EXCLUSIVE: There’s nothing genteel about Afghanistan’s national sport, called buzkashi. It’s a contest between powerfully-built men on powerful horses packed onto a field, skirmishing to score goals with an animal carcass. It’s almost rugby on hooves.
Buzkashi is the backdrop to the film Riders on the Storm, directed by Jason Motlagh and Mark Oltmanns, which is making its world premiere at the SXSW Film Festival in Documentary Feature Competition. We have your first look in the clip above. Riders tells the story of an athletic young man who excels at the sport, reaching a level of national prominence that puts him squarely in the gunsights of the resurgent Taliban.
“Young horseman Khaiber Akbarzada quickly rises to become one of the best players of buzkashi — the ancient sport where riders battle for control of a headless goat — but soon learns that fame is both a gift and a curse,” a description of the film notes. “To avoid the same fate as his uncle, a legendary buzkashi star who was assassinated during the civil war, he goes into hiding and must ultimately make a choice that will alter the course of his life.”
Motlagh, a journalist and filmmaker, has been reporting from Afghanistan since 2006 and witnessed his first buzkashi match a number of years ago.
“Its origins aren’t entirely clear, but [it dates] roughly to the time of Genghis Khan and the Mongols,” Motlagh tells Deadline. “There’s just so much energy and intensity in buzkashi… hundreds of horses and all of this energy and competition and [we] had this idea that it had to become a film.”
The way the directors shot the film puts viewers right in the middle of the action.
“The sport itself is so frenetic. And to capture that energy, doing it on a zoom lens from far away just wouldn’t do it justice,” Oltmanns explains. “You really had to kind of get in there at a ground level… We used a stabilized camera on a gimbal so that we could ensure that everything that happens in the frame would be fluid and you’d be able to track what was going on. That was the idea from the get-go, just kind of keep it steady on the gimbal so we could really track these horses and the energy up as close as we could.”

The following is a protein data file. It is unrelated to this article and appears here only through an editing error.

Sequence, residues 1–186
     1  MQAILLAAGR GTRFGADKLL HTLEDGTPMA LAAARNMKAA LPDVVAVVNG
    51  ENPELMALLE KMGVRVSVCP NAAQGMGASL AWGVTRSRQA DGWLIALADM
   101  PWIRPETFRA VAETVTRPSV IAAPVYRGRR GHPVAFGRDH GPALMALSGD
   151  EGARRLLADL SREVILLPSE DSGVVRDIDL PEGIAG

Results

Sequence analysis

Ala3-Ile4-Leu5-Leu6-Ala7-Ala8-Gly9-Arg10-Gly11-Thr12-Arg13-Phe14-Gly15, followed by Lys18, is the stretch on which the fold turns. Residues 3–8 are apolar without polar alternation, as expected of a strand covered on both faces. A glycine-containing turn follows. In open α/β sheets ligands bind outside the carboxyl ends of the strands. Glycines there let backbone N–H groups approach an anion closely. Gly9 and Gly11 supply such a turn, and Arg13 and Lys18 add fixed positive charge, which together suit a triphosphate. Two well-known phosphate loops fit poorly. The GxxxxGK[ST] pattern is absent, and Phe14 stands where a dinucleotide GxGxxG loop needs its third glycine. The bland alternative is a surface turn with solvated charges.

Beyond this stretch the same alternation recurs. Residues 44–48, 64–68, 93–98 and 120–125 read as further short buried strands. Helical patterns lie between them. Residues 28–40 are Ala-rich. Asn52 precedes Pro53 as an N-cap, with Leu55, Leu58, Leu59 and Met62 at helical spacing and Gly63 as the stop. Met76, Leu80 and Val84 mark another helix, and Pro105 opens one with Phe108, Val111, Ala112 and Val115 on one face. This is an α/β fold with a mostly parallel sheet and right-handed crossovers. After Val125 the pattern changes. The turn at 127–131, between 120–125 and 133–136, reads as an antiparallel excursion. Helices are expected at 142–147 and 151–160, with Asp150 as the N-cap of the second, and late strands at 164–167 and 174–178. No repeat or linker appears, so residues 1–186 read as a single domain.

There’s plenty of on-the-field footage in Riders on the Storm. But in essence it’s a character-driven story of Khaiber (with his older brother, also a fearsome buzkashi competitor, playing a supporting role). The filmmakers found their main character in the northern part of Afghanistan, a hotbed of buzkashi brilliance.
“We went up to Mazar-i-Sharif and as soon as we sat down with this guy, I think we both knew he just had that ‘it’ factor — young, pretty good-looking guy, from a great buzkashi tradition with a backstory,” Motlagh recalls. “His uncle Ahmed was kind of a legendary buzkashi player in his own right and he was killed during the civil war. So, there was this need to keep the family legacy going and these two brothers were kind of competing for that role and making each other better, each with their own very distinctive personalities.”
Motlagh adds, “We met with Khaiber and we sealed the deal over lamb kebabs, and we knew we were gonna come back and follow this guy.”
Motlagh and Oltmanns began filming before the U.S. pullout from Afghanistan. Once the withdrawal happened the Taliban rapidly advanced on the capital.
“We didn’t want to make a sports film per se. We always wanted it to be a political film through the vehicle of the sport,” Oltmanns comments. “We thought the film would straddle the line of pre- and post- kind of American presence in Afghanistan. And it just turned out to be much, much, much, much more than that with the Taliban taking over so quickly.”
The filmmakers say they initially self-funded the project. Later, Red Bull Studios came on board with financing. Riders on the Storm is an acquisition title at SXSW, with MetFilm Sales handling negotiations. Jason Motlagh and Mark Oltmanns direct and produce; Oltmanns is the cinematographer. Executive producers are Bernadette McDaid, Rocky Collins and Oscar-nominated filmmaker Matt Ogens (Audible). Christina Stiles is the editor; sound design is by Peter Albrechtsen, with music by William Ryan Fritch.
Watch the exclusive clip of Riders of the Storm above.
Must Read Stories
Subscribe to Deadline Breaking News Alerts and keep your inbox happy.